For the uninitiated, Mario Kart is a deviously addictive little party game from Nintendo wherein players control their favorite Mario characters and their souped-up gokarts in a race across whimsical landscapes. It has created and destroyed more friendships than perhaps any other thing invented by man, due in no small part to the abundance of crazy items the racers can use to harass their fellow players. One such item is the aforementioned Spiny Shell, which when fired promptly homes in on the first place player and blasts them into the sky. Virtually unavoidable, that little blue turtle shell with the spikes coming out of it is a stream of vulgarities just waiting to happen.

Ostensibly the Spiny Shell exists to balance out a first-place player’s ability to open up an insurmountable lead over the other racers. Not only will the person out front likely have more skill than the others, they don’t face many of the hazards of riding in the middle of the pack such as other racers ramming them. In addition, they get first crack at any boosts or items on the track. Thus we have the Spiny Shell, which in theory would allow the players to slow down the top racer just enough to catch up.

In practice, the Spiny Shell serves mainly as a means for lower ranked players (and especially the AI racers) to troll the better ones. Now don’t get me wrong, that can make for some incredible entertainment, particularly if you’re not the person in first, but it’s certainly not terribly effective at bridging the skill gap that put the players in their relative positions in the first place. It merely gives one group a means to lash out at another in a futile attempt to feel better when they come up short by comparison. It neither imparts skill to them nor encourages them to improve. It can’t take away the drive, skill, luck or natural talent of the winner either, but it can frustrate them enough to stop playing.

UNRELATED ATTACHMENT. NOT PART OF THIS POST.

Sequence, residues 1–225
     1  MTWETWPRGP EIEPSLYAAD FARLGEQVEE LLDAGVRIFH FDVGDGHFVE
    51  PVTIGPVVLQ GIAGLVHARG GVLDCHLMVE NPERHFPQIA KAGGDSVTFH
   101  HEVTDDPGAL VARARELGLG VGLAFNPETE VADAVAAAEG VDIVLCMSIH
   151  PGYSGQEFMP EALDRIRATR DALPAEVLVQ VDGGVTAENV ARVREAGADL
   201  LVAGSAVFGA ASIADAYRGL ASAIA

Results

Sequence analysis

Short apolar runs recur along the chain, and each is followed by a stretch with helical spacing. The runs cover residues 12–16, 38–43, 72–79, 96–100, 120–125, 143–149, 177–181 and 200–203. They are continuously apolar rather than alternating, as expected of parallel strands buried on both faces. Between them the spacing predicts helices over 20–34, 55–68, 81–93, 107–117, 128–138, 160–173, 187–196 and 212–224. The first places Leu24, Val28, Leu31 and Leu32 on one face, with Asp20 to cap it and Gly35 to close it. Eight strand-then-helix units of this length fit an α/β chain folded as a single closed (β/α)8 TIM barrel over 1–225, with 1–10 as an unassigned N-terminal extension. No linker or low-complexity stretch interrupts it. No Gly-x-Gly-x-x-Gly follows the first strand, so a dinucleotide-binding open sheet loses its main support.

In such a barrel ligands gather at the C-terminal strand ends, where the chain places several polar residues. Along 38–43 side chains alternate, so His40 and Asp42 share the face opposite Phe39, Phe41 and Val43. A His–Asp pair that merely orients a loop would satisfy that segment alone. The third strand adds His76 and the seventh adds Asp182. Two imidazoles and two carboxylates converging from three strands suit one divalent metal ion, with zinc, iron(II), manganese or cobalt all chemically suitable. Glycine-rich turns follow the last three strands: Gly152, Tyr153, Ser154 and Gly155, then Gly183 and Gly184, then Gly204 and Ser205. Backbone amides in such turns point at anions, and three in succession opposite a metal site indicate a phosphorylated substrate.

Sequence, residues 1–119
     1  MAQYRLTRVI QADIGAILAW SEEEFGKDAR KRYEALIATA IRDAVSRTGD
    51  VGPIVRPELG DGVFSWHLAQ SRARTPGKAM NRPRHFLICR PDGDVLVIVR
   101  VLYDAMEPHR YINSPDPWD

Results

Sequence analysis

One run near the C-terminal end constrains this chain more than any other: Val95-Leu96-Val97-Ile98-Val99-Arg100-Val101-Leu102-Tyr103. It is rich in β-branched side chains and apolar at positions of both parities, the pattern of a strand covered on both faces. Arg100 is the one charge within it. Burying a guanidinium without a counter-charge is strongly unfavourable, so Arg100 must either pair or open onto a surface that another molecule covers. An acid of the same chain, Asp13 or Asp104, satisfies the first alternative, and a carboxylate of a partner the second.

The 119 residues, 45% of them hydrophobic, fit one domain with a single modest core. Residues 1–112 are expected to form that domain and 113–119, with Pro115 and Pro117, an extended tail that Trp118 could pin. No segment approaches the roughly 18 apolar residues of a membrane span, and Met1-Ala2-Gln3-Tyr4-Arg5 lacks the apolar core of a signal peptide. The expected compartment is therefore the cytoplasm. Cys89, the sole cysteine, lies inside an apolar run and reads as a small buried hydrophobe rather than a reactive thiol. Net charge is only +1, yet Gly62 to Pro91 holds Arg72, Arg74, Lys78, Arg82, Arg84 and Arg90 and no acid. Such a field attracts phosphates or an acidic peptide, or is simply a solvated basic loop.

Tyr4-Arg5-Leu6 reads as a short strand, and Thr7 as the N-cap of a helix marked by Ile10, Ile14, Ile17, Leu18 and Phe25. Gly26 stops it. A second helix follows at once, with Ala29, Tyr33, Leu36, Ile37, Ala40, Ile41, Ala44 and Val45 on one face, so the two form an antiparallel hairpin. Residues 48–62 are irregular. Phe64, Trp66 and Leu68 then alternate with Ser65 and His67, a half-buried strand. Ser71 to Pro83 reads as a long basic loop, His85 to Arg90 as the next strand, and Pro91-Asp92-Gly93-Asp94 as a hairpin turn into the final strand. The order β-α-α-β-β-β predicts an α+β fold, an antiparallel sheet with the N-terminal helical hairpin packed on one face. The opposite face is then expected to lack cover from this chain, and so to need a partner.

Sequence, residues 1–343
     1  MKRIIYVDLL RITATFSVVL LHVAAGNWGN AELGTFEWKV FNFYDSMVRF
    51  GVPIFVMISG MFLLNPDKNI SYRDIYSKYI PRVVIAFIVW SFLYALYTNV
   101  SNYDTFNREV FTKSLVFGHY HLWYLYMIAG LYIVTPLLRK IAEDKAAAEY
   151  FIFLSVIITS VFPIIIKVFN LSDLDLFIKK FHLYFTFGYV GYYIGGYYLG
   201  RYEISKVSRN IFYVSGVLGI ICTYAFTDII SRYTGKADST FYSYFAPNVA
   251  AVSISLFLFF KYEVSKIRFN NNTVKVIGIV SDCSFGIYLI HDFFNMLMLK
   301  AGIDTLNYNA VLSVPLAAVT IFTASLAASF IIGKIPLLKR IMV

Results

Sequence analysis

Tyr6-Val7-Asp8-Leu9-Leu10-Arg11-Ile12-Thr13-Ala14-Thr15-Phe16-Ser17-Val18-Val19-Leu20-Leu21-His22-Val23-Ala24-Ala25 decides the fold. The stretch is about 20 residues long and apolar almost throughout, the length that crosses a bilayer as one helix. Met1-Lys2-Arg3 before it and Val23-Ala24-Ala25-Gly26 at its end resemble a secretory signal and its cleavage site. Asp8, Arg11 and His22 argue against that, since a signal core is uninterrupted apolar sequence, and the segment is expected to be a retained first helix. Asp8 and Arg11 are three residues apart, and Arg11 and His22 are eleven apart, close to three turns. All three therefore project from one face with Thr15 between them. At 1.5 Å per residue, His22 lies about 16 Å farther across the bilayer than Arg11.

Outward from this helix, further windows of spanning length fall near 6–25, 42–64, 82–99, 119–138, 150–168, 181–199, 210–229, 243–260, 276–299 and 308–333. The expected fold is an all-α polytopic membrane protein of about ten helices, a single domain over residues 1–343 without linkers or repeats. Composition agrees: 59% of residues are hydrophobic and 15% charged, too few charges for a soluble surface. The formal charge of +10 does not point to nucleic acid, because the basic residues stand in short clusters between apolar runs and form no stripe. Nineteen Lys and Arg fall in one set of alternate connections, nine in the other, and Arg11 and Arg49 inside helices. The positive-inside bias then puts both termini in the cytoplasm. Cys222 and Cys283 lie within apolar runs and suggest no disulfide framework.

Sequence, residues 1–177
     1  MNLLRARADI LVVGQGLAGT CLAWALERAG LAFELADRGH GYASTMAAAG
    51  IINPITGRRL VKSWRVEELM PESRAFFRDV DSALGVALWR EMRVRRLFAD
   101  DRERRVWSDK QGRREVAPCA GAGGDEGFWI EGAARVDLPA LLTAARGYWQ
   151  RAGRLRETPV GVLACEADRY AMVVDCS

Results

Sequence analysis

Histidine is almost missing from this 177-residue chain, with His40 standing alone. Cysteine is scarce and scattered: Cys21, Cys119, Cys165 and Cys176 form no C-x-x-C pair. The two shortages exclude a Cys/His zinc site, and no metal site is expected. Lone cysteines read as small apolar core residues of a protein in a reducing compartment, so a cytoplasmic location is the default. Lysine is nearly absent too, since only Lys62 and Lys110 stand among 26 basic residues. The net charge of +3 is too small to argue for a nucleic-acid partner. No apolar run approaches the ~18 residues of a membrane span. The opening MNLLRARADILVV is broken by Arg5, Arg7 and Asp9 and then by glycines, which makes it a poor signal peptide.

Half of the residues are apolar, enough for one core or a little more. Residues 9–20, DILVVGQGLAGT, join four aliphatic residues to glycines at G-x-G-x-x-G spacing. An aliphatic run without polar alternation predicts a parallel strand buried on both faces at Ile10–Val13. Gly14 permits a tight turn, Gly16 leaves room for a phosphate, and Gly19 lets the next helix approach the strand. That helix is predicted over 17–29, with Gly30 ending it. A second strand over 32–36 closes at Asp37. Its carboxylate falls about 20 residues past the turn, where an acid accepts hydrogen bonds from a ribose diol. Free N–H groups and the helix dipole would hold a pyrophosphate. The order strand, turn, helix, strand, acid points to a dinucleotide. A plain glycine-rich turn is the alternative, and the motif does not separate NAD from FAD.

This holds true for all schemes that seek to impose equality of outcome by attempting to redistribute success. Progressive tax systems that take money from the rich and give it to the poor never succeed in creating rich people out of the poor, nor have they turned the Warren Buffets of the world into paupers. Obamacare hasn’t made the poor healthier and the wealthy sicker. EPA regulations and fines haven’t stopped oil and gas companies from dominating the energy market, nor have the subsidies to solar companies made green energy more financially viable. Or to pick an example in the news today, giving Gaza to the Palestinians didn’t make them freer and the Israelis less democratic.

When the frustration of being harassed for their success grows large enough, people just leave the game. In the Mario Kart world, that takes the form of incredibly creative uses of profanity, flying controllers, and someone stomping out of the room ne’er to return. In the real world, it involves hiding money, skirting regulations, buying exemptions, or straight up moving out of the jurisdiction of those who would seek to use these Blue Shells.

So the next time a politician comes to you with a magic bullet that will make the less fortunate, less skillful, less talented, and/or less hard working get to a better place by shooting it at the folks who have succeeded due to their ability, effort, or dumb luck, just remember that like that spiny blue shell, it'll change very little beyond making someone else’s life miserable.

Also, Luigi will drive by your house and give you the death stare for it.